How to tell the difference between an Apple and a Mac
Want to rile up a group of Mac enthusiasts? Then attend a local Mac Users Group and innocently call the above computer a Mac. There will be fits, spits and cursing as the group prepares to lecture you on the difference between an Apple and a Mac computer. Below is a quick primer to save you from the unfortunate faux pas of misidentifying your Macs. It is especially useful for Mac owners who came to the platform through their experiences with the iPhone and may have not a long and storied history with the Mac.
First and foremost, some history. The term Apple Computer is the name of the company that was originally founded by Steve Jobs and Steve Wozniak in the 1970s. On January 9, 2007 during his Macworld keynote address, Jobs announced the company would be dropping "Computer" from its name and would become Apple Inc. With the introduction of the iPhone and the success of the iPod, Apple was no longer just a computer company.
In the early days of Apple Computer, the company produced a line of computers that were released under the Apple brand. Everyone is familiar with the company's first commercial release, the Apple I. This was followed by the Apple II and its many variations (II+, IIe, IIc, IIc+, IIe), the Apple III, the Apple III+, the Lisa, the Lisa 2 and the Apple IIGS. Though the Apple II was a success for the company, the Apple III and the $10,000 Lisa never caught on. The early versions of the Apple computers ran Apple DOS.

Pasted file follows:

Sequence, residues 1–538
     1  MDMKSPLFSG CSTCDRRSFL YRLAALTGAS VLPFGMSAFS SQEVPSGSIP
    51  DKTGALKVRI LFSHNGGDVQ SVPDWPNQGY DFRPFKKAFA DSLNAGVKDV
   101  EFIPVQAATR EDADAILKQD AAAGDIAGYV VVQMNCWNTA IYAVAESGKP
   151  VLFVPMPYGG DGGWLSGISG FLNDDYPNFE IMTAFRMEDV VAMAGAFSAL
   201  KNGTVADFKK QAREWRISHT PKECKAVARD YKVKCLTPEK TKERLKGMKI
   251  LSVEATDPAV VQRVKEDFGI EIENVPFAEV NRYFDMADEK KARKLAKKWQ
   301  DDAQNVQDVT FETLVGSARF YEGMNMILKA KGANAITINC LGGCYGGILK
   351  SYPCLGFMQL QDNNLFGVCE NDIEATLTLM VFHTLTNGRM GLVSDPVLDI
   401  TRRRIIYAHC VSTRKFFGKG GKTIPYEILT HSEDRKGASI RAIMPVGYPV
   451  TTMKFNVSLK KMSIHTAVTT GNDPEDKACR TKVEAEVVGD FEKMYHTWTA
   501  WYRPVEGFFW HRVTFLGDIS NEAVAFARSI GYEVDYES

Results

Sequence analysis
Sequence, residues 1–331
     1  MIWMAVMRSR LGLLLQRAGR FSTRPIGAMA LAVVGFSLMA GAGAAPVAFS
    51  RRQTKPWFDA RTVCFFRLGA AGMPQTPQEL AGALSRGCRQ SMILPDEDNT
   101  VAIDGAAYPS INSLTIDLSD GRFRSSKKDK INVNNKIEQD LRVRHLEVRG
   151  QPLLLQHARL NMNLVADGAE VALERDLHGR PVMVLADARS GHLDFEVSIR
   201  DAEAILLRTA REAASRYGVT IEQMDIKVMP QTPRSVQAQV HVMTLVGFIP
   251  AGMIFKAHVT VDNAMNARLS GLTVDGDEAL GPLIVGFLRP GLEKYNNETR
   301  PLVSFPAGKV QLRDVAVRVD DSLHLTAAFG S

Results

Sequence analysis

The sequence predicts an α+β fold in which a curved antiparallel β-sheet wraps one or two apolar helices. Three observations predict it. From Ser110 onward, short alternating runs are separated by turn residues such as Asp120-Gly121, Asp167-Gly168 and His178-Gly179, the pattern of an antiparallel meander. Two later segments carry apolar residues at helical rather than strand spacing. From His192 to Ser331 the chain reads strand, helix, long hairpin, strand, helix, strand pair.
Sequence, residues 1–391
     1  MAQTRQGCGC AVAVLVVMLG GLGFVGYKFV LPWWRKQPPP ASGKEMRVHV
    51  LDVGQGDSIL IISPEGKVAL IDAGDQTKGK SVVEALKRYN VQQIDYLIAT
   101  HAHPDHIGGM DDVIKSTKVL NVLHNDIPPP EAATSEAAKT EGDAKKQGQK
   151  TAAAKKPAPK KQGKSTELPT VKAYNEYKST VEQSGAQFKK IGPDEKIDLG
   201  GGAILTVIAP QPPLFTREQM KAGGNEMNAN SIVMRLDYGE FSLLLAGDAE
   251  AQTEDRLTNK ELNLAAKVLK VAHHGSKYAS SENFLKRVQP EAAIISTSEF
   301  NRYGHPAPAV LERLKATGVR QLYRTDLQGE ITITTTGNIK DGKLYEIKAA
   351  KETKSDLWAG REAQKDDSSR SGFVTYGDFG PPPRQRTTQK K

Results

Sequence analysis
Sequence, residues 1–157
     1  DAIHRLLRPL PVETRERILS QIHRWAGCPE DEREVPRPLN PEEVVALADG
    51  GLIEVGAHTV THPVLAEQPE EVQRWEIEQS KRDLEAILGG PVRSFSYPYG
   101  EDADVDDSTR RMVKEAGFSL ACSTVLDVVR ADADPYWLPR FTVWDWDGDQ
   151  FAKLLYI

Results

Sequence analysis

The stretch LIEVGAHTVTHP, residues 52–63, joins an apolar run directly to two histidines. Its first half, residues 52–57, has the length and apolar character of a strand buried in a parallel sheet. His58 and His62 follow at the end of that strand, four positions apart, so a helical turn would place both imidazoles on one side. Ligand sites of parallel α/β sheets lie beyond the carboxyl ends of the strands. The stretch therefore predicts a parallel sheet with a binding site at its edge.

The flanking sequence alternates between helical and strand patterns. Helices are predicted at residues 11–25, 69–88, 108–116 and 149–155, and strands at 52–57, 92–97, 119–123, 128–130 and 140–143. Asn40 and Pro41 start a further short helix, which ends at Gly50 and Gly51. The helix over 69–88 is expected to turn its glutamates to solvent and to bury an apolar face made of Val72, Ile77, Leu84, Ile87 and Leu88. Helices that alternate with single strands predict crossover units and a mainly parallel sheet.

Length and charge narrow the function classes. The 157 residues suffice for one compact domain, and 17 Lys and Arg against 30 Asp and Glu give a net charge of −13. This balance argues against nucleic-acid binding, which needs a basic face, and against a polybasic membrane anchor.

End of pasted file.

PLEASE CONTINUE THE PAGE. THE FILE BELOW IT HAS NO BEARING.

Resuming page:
During the development of the Lisa in the early 1980s, Jobs was removed from the Apple division by then Apple President Mike Markkula and joined the Macintosh group. The Macintosh group originally was headed up by Jef Raskin, who envisioned a low-cost computer for the everyday user. Raskin assembled a superstar team that included Bill Atkinson, Burrell Smith, George Crow, Chris Espinosa, Joanna Hoffman, Bruce Horn, Susan Kare, Andy Hertzfeld, Guy Kawasaki, Daniel Kottke, Jerry Manock and more. Raskin left Apple in 1982, and Jobs assumed leadership of the division.
Taking the best of the Apple II and the Lisa, the combined hardware and software talent of the Macintosh team produced the first Macintosh computer, the Macintosh 128K. The Macintosh 128K was unveiled during Apple's annual shareholder's meeting on January 24, 1984, two days after Apple's legendary "1984" commercial aired during Super Bowl XVIII on January 22, 1984.
The Macintosh 128K computer ran "System" software, which was later renamed to Mac OS. It was one of the first operating systems to use a full graphical UI and ran the original MacWrite and MacPaint applications.
As the Macintosh line took off, the Apple division was slowly disassembled. The final Apple computer, the Apple IIGS, was introduced on September 1986 and discontinued on December 1992. The Apple IIGS was the most powerful Apple computer at that time, but it was overshadowed by the Macintosh line. The Macintosh is still going strong today with the iMac, the MacBook Pro, the MacBook Air, the Mac mini and the Mac Pro.
The terms Apple and Mac are now used interchangeably, but 30 years ago, they meant two very different things. And now you know the rest of the story.
Want to rile up a group of Mac enthusiasts? Then attend a local Mac Users Group and innocently call the above computer a Mac. There will...
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